Problem: Organ Shortages

The number of people awaiting organ transplants has been growing steeply since the 1990’s. In fact, in 2011 of over 100 people awaiting organ transplants, only 30 were performed. A recent Economist article briefs on the challenge of organ rationing, especially in terms of how grey the judgement is when it comes to deciding who gets the organ. Moreover, with the number of baby boomers with kidney failures increasing (60%), another question had popped up: should organ donations favor the young?

The top organ that people need by far are kidneys; in 2013 there have been 4,061 kidney transplants performed, compared with the second contender, the liver, with only 1,542 performed. What’s more is that diabetes has been proven to be closely linked with kidney failure and end stage renal disease. This is frightening because people are getting diabetes more than ever today.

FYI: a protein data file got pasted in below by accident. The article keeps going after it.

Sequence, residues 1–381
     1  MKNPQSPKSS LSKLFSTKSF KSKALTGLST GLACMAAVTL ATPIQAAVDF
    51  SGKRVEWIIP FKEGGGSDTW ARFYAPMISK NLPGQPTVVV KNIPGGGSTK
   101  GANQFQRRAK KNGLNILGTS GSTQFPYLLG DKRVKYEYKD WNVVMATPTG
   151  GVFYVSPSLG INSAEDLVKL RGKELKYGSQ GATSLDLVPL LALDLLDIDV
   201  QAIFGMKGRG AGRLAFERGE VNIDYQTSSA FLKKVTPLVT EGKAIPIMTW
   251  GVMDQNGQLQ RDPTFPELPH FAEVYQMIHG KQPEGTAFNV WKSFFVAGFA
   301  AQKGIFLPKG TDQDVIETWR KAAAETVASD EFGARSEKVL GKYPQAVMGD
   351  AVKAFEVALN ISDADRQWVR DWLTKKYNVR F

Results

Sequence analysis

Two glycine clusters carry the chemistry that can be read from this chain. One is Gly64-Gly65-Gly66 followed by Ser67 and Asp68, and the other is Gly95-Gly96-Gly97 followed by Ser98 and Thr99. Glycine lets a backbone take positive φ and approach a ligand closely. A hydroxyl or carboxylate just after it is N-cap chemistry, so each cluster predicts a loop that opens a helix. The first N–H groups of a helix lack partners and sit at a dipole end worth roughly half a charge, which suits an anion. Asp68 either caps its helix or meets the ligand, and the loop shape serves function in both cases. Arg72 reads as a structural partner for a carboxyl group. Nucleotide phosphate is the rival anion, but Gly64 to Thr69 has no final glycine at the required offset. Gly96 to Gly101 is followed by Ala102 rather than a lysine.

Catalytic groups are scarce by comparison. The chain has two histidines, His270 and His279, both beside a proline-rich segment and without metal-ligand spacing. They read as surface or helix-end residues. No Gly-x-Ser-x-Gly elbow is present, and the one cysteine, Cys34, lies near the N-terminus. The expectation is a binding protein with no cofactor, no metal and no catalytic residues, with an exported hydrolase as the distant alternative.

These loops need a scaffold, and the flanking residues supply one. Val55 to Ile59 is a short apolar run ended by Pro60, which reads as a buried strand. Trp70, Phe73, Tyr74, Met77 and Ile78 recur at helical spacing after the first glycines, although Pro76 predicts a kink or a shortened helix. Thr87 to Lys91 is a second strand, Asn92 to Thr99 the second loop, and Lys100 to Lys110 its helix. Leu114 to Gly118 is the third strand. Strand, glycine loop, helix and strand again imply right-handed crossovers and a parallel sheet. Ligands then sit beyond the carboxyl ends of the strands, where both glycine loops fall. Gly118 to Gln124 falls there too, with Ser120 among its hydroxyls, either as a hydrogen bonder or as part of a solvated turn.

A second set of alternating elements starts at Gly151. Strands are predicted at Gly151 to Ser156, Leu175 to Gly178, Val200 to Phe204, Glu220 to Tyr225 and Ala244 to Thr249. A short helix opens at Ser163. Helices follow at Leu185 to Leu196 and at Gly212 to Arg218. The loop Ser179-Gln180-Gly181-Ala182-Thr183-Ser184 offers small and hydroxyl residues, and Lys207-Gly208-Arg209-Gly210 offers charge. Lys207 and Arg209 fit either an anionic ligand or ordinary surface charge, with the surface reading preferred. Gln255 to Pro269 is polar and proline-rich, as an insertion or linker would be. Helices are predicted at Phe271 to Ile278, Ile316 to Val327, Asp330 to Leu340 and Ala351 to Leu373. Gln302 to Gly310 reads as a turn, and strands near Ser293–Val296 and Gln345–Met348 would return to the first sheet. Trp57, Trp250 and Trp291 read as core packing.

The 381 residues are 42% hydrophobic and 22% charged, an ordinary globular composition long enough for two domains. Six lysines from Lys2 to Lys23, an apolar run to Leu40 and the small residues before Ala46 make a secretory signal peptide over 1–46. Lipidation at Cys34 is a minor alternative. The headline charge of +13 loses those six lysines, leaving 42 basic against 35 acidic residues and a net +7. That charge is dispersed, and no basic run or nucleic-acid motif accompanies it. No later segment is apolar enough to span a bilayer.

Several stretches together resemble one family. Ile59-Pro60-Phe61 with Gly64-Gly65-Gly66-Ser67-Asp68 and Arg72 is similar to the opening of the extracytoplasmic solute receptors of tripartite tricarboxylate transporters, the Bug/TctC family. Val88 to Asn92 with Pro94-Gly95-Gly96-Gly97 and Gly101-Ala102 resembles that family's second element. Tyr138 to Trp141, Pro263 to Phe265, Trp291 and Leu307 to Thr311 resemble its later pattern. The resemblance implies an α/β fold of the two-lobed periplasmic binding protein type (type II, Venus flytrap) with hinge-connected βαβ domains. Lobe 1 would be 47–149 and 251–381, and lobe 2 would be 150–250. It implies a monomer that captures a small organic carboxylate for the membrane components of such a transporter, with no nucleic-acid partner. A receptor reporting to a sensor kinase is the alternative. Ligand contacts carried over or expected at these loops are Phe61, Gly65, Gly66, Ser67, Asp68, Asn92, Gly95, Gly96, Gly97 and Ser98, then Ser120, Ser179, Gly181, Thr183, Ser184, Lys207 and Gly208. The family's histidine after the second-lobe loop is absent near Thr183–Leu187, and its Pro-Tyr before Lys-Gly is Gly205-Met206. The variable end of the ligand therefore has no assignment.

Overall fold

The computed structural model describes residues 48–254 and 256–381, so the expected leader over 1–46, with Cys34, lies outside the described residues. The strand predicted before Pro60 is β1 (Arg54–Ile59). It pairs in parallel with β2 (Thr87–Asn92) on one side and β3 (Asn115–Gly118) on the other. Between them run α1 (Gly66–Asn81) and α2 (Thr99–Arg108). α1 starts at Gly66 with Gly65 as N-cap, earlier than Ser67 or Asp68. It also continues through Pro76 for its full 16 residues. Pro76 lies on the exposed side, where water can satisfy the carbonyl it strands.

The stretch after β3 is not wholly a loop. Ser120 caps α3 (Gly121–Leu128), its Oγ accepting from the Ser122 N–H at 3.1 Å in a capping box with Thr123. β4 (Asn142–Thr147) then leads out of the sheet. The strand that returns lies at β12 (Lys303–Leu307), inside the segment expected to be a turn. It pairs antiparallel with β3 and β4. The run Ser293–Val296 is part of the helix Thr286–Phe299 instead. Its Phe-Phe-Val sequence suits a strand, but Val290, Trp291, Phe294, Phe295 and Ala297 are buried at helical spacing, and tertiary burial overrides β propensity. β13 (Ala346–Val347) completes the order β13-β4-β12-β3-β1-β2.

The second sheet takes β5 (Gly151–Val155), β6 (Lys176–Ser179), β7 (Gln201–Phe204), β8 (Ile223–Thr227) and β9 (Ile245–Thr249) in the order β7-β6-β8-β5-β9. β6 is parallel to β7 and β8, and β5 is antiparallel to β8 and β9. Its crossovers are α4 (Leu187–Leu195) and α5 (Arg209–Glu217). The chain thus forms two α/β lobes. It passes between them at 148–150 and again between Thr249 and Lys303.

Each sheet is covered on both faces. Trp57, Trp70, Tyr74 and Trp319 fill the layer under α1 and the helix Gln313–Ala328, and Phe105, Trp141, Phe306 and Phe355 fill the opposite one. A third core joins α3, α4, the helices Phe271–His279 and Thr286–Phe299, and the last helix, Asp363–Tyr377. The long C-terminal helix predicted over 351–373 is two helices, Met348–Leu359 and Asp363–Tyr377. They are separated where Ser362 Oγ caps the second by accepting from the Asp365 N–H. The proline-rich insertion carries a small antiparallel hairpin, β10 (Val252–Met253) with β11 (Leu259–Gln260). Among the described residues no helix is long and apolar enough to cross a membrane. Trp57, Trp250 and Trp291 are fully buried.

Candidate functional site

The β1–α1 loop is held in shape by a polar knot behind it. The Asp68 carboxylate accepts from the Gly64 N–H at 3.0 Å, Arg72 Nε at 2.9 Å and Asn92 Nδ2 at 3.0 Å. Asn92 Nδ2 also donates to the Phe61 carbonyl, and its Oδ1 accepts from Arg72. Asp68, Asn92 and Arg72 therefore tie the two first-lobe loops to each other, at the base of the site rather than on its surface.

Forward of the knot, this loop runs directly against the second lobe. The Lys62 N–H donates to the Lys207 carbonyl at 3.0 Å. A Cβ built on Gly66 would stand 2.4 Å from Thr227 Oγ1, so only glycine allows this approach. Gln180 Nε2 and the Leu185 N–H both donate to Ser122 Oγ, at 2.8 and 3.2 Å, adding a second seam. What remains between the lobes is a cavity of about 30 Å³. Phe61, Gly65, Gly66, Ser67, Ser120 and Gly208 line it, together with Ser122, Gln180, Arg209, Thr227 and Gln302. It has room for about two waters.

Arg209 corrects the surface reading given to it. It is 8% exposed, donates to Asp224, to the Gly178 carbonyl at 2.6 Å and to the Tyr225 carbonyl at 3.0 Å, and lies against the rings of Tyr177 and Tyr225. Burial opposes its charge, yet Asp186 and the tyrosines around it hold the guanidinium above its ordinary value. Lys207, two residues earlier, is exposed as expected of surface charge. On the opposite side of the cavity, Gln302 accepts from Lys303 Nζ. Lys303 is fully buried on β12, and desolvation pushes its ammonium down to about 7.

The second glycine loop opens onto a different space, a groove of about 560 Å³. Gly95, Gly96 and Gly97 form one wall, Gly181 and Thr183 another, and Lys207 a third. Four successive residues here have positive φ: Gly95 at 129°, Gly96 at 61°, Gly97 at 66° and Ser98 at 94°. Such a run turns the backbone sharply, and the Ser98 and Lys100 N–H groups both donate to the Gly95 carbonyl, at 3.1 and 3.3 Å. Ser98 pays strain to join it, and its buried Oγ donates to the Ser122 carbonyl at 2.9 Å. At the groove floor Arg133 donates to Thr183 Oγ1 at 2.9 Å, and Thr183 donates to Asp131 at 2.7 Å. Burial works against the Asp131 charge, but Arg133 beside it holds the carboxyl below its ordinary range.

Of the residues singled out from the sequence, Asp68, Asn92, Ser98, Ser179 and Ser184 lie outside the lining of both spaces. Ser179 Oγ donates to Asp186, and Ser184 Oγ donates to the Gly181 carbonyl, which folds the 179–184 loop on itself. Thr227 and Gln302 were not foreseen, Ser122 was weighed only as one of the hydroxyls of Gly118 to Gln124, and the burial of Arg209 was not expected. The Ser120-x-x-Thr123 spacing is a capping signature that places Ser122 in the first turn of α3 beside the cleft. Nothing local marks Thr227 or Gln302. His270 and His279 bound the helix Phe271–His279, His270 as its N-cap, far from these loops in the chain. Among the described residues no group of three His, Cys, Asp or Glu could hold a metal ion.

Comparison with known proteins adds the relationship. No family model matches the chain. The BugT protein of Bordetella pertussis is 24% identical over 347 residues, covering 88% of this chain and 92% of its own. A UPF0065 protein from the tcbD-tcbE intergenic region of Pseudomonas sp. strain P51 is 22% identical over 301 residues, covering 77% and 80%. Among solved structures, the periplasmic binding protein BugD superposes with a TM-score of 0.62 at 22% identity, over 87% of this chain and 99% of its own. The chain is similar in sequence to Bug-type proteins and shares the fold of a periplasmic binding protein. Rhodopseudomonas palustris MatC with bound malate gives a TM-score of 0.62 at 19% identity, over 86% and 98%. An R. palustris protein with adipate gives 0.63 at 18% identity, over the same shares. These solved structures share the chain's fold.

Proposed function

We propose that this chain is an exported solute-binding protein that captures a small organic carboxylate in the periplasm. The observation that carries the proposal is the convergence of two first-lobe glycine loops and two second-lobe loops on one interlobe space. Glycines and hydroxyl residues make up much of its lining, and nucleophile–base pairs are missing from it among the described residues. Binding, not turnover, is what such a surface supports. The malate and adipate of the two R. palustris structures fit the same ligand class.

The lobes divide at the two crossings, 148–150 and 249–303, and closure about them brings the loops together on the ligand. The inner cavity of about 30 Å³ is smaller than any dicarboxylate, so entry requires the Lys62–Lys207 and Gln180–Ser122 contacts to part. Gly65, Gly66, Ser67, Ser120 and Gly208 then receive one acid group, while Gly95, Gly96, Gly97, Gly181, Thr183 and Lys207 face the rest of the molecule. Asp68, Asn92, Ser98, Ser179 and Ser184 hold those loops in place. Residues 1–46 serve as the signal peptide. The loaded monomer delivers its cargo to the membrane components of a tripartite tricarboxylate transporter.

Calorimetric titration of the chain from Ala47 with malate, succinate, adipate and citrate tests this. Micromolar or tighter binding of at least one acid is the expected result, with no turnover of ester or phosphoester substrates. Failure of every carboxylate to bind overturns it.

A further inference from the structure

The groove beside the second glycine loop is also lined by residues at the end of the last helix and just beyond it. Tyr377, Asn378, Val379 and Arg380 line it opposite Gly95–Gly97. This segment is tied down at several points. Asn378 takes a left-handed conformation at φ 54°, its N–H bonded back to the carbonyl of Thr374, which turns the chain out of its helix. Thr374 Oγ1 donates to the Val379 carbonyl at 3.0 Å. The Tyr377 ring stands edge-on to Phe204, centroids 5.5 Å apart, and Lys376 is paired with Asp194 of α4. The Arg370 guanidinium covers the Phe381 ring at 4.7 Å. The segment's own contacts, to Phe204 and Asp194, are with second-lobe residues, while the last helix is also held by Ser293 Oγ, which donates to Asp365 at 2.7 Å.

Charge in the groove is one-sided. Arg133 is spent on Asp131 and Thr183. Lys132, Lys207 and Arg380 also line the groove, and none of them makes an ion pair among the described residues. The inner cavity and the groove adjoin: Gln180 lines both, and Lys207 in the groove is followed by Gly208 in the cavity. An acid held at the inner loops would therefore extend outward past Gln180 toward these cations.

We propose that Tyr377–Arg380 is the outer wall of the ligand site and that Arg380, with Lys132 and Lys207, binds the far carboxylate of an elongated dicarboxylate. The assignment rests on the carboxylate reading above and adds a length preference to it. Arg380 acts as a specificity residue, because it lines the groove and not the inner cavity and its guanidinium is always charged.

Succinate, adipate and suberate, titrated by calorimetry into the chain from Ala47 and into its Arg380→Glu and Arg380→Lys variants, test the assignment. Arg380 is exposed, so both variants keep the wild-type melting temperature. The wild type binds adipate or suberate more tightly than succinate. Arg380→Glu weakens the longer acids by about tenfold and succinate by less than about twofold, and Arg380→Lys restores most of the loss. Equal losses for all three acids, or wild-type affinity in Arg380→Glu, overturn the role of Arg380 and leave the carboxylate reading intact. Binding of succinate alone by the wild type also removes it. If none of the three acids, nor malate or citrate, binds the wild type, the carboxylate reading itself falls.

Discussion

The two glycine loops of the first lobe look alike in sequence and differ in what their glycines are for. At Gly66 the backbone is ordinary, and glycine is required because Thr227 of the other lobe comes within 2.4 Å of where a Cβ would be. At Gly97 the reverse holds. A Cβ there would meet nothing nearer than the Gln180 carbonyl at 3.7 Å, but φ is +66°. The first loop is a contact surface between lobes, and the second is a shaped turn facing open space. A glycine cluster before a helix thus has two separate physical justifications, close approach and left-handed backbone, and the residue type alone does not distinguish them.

Which makes this soda project (however small and impact it might seem to make) a necessity and super important.

Solving the sugar consumption/metabolic disease problem is a long term goal though. The short term reality is that we are still short of kidneys. And, only 35% of people living on dialysis live more than 5 years. To solve the short term problem, there has been a lot of research in the area artificial kidneys. A UCSF article details recent progress on a hopeful design:

http://www.ucsf.edu/news/2012/10/12810/artificial-kidney-project-ucsf-receives-3-million-new-funding

According to the article, the US spends about $29 billion per year, 6% of its total medical budget, treating kidney failures. 400,000 people are currently on dialysis. The UCSF just got a $3 million dollar endowment for research. If the US could spend a little more on research so we could get this technology sooner, it would save so much more in the long run.

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